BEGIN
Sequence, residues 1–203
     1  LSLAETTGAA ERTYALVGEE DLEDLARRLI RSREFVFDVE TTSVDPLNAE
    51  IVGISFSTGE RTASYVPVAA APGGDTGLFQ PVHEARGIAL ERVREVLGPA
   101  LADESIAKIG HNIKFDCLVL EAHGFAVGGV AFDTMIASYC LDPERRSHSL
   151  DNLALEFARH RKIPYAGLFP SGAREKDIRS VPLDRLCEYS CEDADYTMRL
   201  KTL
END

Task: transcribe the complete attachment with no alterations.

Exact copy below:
Sequence, residues 1–203
     1  LSLAETTGAA ERTYALVGEE DLEDLARRLI RSREFVFDVE TTSVDPLNAE
    51  IVGISFSTGE RTASYVPVAA APGGDTGLFQ PVHEARGIAL ERVREVLGPA
   101  LADESIAKIG HNIKFDCLVL EAHGFAVGGV AFDTMIASYC LDPERRSHSL
   151  DNLALEFARH RKIPYAGLFP SGAREKDIRS VPLDRLCEYS CEDADYTMRL
   201  KTL